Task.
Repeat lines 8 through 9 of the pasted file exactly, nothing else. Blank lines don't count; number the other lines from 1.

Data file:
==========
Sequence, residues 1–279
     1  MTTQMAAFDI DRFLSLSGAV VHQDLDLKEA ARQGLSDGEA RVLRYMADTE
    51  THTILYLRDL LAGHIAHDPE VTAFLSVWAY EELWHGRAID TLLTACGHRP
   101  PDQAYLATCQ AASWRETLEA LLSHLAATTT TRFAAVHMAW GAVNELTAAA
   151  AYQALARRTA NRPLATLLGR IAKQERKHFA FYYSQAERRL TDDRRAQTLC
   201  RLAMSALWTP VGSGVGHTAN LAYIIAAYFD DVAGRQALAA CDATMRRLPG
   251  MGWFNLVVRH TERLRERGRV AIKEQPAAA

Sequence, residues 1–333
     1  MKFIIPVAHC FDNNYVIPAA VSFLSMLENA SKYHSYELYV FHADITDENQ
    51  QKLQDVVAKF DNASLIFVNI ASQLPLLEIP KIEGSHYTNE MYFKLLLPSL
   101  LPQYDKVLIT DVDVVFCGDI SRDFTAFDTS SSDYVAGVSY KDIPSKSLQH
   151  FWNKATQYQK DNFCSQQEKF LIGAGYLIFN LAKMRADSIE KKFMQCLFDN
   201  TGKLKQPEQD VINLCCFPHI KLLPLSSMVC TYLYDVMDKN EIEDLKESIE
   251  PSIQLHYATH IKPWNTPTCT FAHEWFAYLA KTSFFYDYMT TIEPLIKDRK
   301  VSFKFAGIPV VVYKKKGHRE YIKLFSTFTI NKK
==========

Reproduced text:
Sequence, residues 1–333
     1  MKFIIPVAHC FDNNYVIPAA VSFLSMLENA SKYHSYELYV FHADITDENQ